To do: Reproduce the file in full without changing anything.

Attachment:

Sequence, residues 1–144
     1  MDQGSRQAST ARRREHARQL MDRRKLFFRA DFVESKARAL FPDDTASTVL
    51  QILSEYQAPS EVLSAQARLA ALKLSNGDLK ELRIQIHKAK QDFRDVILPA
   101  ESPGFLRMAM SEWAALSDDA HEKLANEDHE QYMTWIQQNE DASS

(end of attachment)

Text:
Sequence, residues 1–144
     1  MDQGSRQAST ARRREHARQL MDRRKLFFRA DFVESKARAL FPDDTASTVL
    51  QILSEYQAPS EVLSAQARLA ALKLSNGDLK ELRIQIHKAK QDFRDVILPA
   101  ESPGFLRMAM SEWAALSDDA HEKLANEDHE QYMTWIQQNE DASS